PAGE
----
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Omnibus officiis : cubat hic in colle Quirini,
Tristia robustis luctantur funera plaustris :
'Ingenium, sibi quod vacuas desumpsit Athenas Et studiis annos septem dedit, insenuitque
And verse 115, is little to the purpose. I will give the reader an opportunity of comparing, and if he is impartial, of preferring, this passage of Pope with one of Boileau on the same subject :
Qu'en tous lieux les chagrins m'attendent un passage;
Epitre vi. v.47. Compare also the sixth satire of Boileau, containing the description of Les Embarras de Paris, from verse 3 to verse 82 ; particularly verse 45.
Ver. 112. Blackmore himself,] In the Battle of the Books, we are surprized to find Swift preferring Blackmore to Dryden.
Before the Lords at twelve my cause comes on-
"Go, lofty poet! and in such a crowd, Sing thy sonorous verse-but not aloud. Alas! to grottoes and to groves we run,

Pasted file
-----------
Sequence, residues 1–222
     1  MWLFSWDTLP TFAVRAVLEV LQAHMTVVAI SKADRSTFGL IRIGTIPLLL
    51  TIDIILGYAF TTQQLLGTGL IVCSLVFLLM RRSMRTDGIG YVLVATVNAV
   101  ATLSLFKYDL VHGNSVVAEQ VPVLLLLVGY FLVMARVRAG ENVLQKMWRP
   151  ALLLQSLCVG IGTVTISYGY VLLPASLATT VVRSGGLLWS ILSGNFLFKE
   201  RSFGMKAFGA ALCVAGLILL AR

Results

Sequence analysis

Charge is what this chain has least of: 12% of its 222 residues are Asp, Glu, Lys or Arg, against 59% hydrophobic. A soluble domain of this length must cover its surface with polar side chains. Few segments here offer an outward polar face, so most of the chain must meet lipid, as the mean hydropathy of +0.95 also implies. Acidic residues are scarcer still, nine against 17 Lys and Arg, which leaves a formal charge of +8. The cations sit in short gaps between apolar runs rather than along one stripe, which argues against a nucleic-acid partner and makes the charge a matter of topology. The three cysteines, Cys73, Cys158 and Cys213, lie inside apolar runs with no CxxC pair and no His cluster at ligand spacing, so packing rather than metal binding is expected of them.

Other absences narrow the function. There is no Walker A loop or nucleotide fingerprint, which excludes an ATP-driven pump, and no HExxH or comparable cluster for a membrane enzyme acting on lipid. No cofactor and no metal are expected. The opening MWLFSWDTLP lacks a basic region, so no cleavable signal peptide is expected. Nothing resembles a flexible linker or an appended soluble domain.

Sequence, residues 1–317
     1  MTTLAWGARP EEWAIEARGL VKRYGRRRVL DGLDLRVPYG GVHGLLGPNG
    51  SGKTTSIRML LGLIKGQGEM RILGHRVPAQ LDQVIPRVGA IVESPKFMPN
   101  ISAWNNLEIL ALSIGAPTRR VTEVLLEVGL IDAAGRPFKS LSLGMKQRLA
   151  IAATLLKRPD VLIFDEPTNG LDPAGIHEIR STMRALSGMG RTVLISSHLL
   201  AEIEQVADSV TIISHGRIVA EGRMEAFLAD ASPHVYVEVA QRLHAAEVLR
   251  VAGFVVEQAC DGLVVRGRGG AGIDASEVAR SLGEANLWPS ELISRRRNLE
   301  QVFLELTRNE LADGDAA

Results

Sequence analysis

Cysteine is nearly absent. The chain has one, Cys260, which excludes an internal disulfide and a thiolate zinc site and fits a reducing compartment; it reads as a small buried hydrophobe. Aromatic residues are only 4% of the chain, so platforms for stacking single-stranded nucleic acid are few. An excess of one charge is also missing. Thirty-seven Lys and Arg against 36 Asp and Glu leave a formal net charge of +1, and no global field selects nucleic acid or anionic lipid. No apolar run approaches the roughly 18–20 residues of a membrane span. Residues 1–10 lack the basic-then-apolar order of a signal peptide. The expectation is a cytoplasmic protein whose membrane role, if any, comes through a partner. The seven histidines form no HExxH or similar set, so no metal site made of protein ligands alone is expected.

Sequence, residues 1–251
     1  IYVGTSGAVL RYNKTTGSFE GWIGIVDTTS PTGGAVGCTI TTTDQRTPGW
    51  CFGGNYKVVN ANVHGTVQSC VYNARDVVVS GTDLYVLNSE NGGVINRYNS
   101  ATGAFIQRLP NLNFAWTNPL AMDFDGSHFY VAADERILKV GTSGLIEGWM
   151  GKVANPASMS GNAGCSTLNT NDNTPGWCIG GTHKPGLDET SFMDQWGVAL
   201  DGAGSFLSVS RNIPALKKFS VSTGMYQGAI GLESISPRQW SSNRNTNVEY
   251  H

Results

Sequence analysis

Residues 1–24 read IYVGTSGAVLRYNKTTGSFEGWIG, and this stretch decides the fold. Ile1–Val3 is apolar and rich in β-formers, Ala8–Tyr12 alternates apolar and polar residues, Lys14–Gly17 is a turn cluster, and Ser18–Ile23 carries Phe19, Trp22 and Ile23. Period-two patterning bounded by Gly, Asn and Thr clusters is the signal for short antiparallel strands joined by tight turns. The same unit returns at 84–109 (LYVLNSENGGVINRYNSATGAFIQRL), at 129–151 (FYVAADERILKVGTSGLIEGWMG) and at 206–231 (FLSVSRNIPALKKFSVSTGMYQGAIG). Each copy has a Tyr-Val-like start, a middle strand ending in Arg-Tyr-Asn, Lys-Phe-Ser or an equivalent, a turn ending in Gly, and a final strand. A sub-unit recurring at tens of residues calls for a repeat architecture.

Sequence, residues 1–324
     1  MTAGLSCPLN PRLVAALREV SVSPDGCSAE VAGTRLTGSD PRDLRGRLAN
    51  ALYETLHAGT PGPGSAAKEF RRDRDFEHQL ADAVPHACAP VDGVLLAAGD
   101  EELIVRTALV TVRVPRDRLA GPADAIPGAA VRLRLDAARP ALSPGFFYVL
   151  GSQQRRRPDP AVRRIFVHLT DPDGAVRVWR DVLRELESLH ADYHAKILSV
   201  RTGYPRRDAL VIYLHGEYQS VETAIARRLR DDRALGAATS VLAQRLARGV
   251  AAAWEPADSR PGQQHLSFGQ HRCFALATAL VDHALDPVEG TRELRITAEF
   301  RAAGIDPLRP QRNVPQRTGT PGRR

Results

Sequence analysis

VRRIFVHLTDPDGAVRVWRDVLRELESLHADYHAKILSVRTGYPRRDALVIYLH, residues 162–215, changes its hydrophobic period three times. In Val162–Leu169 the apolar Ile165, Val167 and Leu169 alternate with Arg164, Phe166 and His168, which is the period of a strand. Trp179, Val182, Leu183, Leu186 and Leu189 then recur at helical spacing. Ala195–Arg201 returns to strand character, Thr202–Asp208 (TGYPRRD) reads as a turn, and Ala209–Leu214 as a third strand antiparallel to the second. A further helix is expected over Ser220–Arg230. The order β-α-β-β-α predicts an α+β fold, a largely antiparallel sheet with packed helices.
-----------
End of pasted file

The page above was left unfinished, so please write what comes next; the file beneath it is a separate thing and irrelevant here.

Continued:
110 To ease and silence, every Muse's son: Blackmore himself, for any grand effort, Would drink and doze at Tooting or Earl's-Court. How shall I rhyme in this eternal roar ? How match the bards whom none e'er match'd before!
115 'The man, who stretch'd in Isis' calm retreat, To books and study gives seven years complete, See! strow'd with learned dust, his nightcap on, He walks, an object new beneath the sun! The boys flock round him, and the people stare So stiff, so mute! some statue you would swear, Stepp'd from its pedestal to take the air !
Ver. 113. Tooting-Earl's- Court.] Two villages within a few miles of London.
Libris et curis, statuå taciturnius exit
mFrater erat Romæ consulti rhetor; ut alter
•Carmina compono, hic elegos; mirabile visu, Cælatumque novem Musis opus. Aspice primùm,
Ver. 123. court, and city roars,] Not so strong as the original metaphor :
Fluctibus in mediis, et tempestatibus urbis. Milton wrote his Paradise Lost in London, as did Thomson his three last Seasons, and his charming Castle of Indolence; and Armstrong his Art of Preserving Health, a fine classical poem, omitted in the Collection of English Poets.